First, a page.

Here are some tips, from one introvert to another, on how to be heard and find your voice in group settings and around extroverts.

Pick your battles – learn how to interrupt 

Interrupting is difficult for introverts. As an introverted psychotherapist, I’ve struggled for years to get comfortable with interrupting people at salient moments to add in something of benefit. I’m still not comfortable with it overall, however. Interrupting goes against the grain for introverts but sometimes it’s necessary to interrupt in order to be heard. Other times, however, it’s simply not worth it. Well-timed interruption, or intelligent interrupting, is a skill that can be learnt and is a skill that is sometimes vital if you want to get in a word in with some more extrovert or chatty counterparts.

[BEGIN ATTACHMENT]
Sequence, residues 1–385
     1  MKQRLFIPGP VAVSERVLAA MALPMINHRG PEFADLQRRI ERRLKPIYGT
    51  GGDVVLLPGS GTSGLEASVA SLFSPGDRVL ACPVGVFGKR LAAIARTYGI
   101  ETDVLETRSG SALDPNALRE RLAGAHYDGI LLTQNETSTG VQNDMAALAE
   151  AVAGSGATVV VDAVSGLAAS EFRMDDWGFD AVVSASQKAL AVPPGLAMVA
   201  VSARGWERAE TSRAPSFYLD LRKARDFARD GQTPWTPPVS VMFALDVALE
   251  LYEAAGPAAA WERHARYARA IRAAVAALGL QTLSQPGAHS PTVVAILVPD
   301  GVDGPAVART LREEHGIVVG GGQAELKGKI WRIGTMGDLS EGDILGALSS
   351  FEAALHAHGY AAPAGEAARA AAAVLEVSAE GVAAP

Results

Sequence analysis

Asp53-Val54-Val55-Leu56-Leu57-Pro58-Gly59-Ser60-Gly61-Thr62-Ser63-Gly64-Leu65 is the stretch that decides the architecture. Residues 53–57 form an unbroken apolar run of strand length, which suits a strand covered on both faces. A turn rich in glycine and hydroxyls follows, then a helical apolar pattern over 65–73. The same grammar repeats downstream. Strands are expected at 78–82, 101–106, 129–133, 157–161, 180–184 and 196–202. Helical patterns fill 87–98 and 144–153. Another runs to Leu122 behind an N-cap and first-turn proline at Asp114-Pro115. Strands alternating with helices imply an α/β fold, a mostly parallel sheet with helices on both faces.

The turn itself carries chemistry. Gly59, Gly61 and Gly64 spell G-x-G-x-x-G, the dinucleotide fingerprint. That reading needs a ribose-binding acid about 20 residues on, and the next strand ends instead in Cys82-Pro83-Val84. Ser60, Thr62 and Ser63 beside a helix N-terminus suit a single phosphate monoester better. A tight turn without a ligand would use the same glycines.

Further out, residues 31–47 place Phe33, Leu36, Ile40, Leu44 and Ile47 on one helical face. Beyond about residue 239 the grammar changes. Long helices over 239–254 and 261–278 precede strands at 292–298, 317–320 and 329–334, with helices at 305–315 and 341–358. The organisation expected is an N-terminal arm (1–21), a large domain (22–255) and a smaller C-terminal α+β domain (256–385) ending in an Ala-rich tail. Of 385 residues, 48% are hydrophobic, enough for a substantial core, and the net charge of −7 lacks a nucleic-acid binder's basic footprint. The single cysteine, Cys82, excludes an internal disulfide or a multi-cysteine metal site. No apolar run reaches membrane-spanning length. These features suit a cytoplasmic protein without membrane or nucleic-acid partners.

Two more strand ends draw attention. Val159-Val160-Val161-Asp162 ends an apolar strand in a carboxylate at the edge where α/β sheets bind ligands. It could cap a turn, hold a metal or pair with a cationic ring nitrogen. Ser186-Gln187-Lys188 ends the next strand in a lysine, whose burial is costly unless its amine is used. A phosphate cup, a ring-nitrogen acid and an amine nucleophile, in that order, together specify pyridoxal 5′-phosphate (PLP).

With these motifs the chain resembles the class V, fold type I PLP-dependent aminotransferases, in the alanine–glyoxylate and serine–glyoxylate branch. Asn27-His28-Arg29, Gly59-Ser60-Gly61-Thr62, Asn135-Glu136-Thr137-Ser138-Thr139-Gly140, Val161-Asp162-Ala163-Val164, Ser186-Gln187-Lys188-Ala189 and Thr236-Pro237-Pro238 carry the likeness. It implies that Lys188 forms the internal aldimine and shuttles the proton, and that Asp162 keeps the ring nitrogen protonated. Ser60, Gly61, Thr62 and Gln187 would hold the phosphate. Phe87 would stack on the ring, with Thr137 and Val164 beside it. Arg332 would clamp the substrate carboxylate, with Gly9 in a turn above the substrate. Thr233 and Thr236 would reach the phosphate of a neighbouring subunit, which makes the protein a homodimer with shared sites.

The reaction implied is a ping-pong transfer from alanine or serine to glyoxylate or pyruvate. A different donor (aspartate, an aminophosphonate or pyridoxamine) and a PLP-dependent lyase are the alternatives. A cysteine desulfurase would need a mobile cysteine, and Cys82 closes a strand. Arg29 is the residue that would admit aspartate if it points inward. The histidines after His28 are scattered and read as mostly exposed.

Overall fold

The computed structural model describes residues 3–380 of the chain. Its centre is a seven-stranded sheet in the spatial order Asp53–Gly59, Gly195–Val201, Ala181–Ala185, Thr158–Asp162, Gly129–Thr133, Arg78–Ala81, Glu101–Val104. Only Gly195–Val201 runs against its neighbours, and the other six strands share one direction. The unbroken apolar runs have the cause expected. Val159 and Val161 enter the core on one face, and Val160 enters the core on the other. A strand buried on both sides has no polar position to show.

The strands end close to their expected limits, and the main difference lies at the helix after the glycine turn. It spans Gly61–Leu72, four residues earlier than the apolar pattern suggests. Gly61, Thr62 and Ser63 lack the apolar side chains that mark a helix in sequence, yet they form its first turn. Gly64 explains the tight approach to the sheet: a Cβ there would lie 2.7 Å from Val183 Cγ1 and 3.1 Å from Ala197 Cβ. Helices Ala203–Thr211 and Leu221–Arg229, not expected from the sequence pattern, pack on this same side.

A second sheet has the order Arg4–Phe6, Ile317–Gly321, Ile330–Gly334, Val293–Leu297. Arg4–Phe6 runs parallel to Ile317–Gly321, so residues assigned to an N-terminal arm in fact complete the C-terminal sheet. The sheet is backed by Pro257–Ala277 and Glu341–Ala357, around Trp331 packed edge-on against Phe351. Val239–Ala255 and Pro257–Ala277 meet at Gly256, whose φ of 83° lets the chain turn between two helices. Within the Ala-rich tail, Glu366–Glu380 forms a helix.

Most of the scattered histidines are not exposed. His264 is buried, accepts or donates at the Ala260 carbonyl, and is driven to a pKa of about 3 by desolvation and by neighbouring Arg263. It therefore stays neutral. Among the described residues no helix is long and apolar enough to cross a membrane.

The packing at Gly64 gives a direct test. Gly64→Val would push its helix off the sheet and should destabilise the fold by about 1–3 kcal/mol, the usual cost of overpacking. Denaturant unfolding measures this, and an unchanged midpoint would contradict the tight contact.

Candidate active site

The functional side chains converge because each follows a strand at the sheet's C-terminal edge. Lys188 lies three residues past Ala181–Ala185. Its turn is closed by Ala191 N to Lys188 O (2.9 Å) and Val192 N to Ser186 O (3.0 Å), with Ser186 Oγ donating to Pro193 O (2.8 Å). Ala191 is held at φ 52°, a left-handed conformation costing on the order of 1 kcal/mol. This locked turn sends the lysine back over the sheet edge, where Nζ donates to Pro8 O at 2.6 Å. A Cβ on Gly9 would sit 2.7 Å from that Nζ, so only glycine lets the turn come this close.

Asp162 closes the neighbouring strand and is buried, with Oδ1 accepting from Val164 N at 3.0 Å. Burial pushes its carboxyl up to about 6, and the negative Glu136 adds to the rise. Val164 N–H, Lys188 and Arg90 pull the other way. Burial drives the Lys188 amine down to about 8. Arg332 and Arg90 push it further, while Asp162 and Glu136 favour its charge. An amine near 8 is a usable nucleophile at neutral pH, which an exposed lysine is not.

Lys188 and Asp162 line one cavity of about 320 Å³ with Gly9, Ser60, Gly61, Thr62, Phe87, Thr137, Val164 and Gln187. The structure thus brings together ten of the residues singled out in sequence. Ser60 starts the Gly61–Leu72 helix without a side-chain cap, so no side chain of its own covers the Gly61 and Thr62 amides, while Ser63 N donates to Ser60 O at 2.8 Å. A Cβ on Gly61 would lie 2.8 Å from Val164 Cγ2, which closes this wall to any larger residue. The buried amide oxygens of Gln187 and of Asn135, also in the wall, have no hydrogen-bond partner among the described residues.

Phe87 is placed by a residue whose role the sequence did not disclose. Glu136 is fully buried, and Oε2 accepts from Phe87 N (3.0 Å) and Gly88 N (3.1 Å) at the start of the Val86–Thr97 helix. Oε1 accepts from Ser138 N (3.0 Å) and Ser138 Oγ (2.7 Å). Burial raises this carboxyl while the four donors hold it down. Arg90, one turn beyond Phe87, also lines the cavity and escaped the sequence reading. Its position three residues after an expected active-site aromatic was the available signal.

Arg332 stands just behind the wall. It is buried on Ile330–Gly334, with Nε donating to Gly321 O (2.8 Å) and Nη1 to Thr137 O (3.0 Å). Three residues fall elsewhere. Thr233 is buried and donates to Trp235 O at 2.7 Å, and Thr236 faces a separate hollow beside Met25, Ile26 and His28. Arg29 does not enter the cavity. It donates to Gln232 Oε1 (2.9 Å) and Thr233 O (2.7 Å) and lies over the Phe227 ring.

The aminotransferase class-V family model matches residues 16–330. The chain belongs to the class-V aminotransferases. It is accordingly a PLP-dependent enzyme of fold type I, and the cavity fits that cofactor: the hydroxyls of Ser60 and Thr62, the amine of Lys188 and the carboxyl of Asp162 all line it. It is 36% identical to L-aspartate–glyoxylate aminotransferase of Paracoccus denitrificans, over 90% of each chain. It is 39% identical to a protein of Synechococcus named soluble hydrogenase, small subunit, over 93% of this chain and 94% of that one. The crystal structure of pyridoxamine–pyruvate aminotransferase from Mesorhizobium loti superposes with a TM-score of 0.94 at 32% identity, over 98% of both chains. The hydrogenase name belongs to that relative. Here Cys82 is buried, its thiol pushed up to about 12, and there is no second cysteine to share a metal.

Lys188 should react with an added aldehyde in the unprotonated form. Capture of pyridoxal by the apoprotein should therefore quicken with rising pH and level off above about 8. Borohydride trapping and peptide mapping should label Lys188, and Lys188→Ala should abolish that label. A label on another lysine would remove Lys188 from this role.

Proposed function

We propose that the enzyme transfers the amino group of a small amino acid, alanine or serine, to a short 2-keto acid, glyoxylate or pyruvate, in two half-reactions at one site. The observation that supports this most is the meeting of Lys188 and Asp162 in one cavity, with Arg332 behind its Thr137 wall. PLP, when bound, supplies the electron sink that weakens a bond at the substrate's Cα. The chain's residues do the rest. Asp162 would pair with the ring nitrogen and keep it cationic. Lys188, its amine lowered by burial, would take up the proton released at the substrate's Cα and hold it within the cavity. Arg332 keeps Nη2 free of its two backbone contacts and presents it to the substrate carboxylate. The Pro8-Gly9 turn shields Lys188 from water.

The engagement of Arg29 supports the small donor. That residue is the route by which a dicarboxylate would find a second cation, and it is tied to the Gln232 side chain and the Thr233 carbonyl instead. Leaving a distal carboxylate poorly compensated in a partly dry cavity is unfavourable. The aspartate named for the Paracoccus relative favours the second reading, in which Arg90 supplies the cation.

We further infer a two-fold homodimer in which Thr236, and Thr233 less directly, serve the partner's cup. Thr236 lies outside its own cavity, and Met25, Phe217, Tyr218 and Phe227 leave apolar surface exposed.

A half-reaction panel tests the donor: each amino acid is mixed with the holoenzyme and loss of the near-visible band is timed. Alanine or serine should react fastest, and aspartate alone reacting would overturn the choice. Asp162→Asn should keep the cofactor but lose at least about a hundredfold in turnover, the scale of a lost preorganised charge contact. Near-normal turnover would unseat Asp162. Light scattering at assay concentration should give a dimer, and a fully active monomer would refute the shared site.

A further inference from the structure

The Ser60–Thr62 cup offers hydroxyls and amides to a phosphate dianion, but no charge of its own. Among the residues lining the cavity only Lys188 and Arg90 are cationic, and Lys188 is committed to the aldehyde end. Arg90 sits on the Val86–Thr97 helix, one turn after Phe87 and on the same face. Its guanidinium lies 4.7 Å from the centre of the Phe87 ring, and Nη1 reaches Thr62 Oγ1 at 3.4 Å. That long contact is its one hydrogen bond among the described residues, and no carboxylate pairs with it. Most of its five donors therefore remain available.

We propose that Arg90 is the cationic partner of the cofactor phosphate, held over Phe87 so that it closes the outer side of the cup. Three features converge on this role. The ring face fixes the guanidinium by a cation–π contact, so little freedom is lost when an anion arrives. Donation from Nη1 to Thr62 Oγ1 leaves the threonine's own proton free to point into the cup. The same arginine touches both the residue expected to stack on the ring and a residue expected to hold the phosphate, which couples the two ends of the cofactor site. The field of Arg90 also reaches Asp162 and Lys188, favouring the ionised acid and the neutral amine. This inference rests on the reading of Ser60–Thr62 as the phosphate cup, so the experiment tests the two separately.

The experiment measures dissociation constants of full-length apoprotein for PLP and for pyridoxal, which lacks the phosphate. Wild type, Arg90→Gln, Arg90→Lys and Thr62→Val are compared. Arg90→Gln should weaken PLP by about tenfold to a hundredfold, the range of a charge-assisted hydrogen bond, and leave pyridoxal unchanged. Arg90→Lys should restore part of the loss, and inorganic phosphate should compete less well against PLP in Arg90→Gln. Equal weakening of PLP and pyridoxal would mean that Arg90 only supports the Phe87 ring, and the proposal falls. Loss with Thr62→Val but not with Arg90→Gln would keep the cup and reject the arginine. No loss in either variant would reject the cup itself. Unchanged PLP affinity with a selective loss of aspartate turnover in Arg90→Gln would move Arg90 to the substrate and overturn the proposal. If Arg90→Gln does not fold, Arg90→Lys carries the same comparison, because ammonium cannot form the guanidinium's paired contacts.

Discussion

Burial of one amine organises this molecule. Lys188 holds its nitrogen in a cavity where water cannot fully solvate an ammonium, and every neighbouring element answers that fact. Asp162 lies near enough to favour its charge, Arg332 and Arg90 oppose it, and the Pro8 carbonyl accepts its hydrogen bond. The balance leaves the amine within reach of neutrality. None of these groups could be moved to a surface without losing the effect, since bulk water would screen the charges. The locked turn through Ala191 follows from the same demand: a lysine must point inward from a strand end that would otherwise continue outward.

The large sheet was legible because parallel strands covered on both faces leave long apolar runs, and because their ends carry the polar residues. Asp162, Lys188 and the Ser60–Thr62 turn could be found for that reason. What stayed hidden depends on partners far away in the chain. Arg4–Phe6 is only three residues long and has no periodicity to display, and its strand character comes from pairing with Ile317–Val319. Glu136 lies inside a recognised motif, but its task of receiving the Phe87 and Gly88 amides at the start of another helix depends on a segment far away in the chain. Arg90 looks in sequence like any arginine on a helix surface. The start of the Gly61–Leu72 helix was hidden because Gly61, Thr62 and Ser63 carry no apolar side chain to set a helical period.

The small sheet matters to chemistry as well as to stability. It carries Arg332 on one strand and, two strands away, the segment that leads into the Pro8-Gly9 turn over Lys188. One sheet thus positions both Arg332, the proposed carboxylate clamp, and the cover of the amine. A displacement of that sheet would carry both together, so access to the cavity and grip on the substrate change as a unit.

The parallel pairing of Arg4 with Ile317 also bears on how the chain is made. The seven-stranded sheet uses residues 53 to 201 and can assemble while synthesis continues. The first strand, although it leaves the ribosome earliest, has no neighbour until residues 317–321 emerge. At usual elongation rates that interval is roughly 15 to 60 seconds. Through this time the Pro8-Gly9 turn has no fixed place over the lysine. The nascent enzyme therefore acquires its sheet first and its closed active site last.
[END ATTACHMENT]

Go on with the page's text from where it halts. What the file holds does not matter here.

I’m not suggesting that interrupting is always the way to go, but if you don’t find a way to do it from time to time it’s likely that you’ll be railroaded in most conversations. I know we introverts prefer to listen but sometimes we need to communicate some of our thoughts so that we don’t feel perpetually overlooked or excluded, and so that an alternative perspective is offered. Interrupt when you either really want to contribute something or when you’re starting to feel downtrodden or used as a sounding board.

Advertising